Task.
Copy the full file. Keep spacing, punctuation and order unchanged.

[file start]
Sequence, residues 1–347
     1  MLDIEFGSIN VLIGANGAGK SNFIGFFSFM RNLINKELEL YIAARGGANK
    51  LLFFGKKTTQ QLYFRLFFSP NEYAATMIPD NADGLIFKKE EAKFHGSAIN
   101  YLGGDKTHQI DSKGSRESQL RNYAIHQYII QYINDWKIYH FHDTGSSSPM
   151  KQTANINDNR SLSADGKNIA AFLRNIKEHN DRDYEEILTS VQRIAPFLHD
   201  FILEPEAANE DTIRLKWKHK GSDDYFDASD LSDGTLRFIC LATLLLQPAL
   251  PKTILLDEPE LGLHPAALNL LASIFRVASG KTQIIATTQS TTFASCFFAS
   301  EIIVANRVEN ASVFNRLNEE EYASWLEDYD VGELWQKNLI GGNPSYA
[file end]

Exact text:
Sequence, residues 1–347
     1  MLDIEFGSIN VLIGANGAGK SNFIGFFSFM RNLINKELEL YIAARGGANK
    51  LLFFGKKTTQ QLYFRLFFSP NEYAATMIPD NADGLIFKKE EAKFHGSAIN
   101  YLGGDKTHQI DSKGSRESQL RNYAIHQYII QYINDWKIYH FHDTGSSSPM
   151  KQTANINDNR SLSADGKNIA AFLRNIKEHN DRDYEEILTS VQRIAPFLHD
   201  FILEPEAANE DTIRLKWKHK GSDDYFDASD LSDGTLRFIC LATLLLQPAL
   251  PKTILLDEPE LGLHPAALNL LASIFRVASG KTQIIATTQS TTFASCFFAS
   301  EIIVANRVEN ASVFNRLNEE EYASWLEDYD VGELWQKNLI GGNPSYA